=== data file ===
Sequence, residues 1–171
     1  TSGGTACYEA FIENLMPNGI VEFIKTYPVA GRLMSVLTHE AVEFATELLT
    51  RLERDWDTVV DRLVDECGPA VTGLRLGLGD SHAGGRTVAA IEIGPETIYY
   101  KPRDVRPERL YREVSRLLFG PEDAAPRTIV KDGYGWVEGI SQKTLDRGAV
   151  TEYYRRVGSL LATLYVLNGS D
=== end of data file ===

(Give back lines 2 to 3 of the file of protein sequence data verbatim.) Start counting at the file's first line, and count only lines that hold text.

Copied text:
     1  TSGGTACYEA FIENLMPNGI VEFIKTYPVA GRLMSVLTHE AVEFATELLT
    51  RLERDWDTVV DRLVDECGPA VTGLRLGLGD SHAGGRTVAA IEIGPETIYY